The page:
A and B are the intersections of the two circles. AM and AN are tangents to the circles. P is where BM extended meets one circle, and Q is where BN extended meets the other circle.
Show that PM is the same length as QN.
If you want a hint, have a look at this Geogebra worksheet.
I'd love to know how you spent the first 5 minutes trying to solve these problems:
Here is a possible hint.
I have been sitting in some lessons in the hope of observing what some students do when they don’t know what to do next. Today, the teacher asked me to help a student who has been having some difficulties with the work they have been doing recently.
There were occasions when I felt the teacher intervened before it was necessary. This is a judgement, but an honest one. I felt the solutions would have been within her grasp, given more time. I made the decision to intervene as infrequently and as unobtrusively as possible.
On completion of a problem, I avoided evaluating her solutions, asking only: ‘How can you check whether your answer is correct?’ I sometimes asked some variant of: ‘Does this make sense?’, regardless of whether the answer was correct or incorrect. This is another form of checking, but with it comes the opportunity to make connections.
Checking is a primary means of coming to know for oneself, with which comes confidence, and the development of what Gattegno called 'inner criteria'.
'Teacher lusts' are ever-present; they come from a variety of sources and manifest in a variety of ways.
In my short time working with this student, I felt the desire for the student to be 'successful', but instantly became aware that this was based in pride, bringing with it the desire to intervene more than is necessary, and the possibility of disappointment.
Some degree of non-attachment is required. With this comes a movement away from wanting to having faith, thus allowing the student time and space to come to know for themselves. Taking the wanting out of the waiting.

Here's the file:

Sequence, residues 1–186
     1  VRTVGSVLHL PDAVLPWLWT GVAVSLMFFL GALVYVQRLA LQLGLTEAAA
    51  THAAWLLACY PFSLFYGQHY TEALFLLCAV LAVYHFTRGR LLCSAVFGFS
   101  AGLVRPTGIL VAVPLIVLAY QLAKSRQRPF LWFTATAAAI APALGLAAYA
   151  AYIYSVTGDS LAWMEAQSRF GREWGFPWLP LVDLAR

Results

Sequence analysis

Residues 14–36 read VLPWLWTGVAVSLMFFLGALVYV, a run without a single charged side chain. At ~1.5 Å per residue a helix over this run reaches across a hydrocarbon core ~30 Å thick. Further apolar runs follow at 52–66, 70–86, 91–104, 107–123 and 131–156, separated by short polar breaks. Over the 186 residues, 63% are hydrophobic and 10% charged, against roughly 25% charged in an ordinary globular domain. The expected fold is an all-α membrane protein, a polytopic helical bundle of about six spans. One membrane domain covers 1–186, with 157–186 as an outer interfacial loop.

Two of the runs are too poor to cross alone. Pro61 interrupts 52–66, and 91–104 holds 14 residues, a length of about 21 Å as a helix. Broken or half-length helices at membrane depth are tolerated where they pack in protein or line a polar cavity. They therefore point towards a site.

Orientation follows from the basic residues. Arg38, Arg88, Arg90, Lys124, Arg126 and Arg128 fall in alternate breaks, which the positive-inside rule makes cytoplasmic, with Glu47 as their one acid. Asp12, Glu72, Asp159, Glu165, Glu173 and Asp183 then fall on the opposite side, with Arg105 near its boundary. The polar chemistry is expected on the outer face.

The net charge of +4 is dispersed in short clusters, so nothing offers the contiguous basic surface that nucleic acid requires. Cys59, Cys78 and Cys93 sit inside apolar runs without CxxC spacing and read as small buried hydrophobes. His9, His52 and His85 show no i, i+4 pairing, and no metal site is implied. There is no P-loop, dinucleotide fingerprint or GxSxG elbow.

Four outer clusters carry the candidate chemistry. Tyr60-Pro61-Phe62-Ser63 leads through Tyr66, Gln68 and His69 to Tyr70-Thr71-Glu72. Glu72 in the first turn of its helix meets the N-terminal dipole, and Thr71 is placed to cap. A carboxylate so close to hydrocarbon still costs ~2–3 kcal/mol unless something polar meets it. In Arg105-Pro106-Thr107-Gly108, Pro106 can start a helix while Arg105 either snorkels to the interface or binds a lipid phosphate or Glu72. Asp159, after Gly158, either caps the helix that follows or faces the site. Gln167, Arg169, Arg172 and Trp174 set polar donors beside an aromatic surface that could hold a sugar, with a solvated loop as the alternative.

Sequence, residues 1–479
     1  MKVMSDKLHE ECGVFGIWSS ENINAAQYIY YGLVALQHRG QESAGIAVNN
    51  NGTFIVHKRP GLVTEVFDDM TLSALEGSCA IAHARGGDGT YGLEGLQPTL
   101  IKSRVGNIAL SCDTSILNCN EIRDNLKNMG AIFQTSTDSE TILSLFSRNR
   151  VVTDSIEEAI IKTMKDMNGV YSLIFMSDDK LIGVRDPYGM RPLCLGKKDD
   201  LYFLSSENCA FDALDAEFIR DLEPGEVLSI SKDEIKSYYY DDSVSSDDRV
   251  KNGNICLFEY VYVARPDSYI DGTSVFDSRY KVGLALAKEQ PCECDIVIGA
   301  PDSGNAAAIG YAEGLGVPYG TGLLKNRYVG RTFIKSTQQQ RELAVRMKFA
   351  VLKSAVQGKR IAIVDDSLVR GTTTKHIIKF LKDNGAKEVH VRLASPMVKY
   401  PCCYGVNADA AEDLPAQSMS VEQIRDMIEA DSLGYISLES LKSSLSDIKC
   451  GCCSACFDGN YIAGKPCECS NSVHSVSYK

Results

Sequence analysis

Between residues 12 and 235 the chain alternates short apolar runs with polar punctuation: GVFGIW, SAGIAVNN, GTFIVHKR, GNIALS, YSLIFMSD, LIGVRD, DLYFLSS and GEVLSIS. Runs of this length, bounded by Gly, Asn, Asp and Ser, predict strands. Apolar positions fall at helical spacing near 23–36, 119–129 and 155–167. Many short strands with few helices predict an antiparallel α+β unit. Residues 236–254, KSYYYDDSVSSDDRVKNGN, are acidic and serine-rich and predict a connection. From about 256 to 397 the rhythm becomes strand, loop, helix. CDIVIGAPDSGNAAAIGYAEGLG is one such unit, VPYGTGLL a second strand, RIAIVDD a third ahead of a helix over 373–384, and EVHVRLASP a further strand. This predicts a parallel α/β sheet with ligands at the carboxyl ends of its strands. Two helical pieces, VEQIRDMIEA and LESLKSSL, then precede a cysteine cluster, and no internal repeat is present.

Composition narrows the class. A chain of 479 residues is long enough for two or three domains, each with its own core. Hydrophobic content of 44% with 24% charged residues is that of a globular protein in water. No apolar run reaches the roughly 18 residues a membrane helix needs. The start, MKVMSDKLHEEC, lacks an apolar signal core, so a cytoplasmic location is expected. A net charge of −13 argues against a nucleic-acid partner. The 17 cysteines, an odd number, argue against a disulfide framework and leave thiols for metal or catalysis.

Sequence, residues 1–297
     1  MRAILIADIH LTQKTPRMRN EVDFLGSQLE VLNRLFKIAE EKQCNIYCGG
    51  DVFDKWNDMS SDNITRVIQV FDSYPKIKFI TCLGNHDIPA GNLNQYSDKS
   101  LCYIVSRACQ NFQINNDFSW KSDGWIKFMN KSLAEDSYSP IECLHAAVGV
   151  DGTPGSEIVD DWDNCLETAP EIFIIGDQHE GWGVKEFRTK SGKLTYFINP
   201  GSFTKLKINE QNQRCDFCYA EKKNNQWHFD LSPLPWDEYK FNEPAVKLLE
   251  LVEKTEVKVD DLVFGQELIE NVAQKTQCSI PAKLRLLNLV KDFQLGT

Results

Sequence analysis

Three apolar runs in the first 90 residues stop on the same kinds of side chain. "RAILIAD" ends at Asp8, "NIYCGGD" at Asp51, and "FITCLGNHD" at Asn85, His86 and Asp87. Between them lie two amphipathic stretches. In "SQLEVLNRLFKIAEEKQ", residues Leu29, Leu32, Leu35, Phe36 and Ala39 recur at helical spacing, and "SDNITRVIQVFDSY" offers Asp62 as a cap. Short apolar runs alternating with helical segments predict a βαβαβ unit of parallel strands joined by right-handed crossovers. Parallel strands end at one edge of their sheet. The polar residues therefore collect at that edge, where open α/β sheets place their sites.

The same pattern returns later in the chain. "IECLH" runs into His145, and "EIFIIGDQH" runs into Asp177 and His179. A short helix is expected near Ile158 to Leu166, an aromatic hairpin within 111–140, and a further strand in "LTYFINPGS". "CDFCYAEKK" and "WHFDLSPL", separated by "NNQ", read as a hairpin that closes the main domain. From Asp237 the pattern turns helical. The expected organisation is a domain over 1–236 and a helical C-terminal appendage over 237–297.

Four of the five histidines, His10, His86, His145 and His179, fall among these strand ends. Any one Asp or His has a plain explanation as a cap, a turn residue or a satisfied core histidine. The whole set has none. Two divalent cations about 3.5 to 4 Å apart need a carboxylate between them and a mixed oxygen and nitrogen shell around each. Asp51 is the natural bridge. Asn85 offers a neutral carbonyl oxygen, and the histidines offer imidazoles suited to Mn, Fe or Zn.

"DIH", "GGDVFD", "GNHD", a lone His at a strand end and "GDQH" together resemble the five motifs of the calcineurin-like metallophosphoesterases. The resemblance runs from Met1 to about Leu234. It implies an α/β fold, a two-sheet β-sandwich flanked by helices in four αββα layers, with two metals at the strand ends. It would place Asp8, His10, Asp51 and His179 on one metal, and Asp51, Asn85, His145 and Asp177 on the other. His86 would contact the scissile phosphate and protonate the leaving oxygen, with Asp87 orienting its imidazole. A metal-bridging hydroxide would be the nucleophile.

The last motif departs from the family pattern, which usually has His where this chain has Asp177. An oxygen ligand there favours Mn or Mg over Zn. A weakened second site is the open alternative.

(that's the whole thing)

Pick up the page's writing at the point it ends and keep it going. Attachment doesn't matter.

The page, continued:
With this comes the possibility of the equivalent in teaching of a ‘moment of grace’: the student solves a problem which previously seemed beyond their grasp and, upon checking their solution, they come to know that they are correct, without any intervention.
I was once asked if I was 'still struggling' on a maths problem, which was a bit annoying. Yes, I was (still) working on it, it was difficult, and it was taking some time. But I wouldn't say I was struggling.
I also wonder about the word 'stuck' as applied to solving (maths) problems. To me it implies something unfavourable, of wanting to get out as soon as possible, of being constrained and uncomfortable.
Might it be beneficial to remove 'stuck' and 'struggling' from the vocabulary of learning mathematics? No longer stuck and struggling, we may become more accepting of the (possibly lengthy) state of not knowing as necessary for coming to know.
There are various types of not knowing: from not being able to recall facts and procedures, through not being able to integrate the past with the present, to the always unknown future.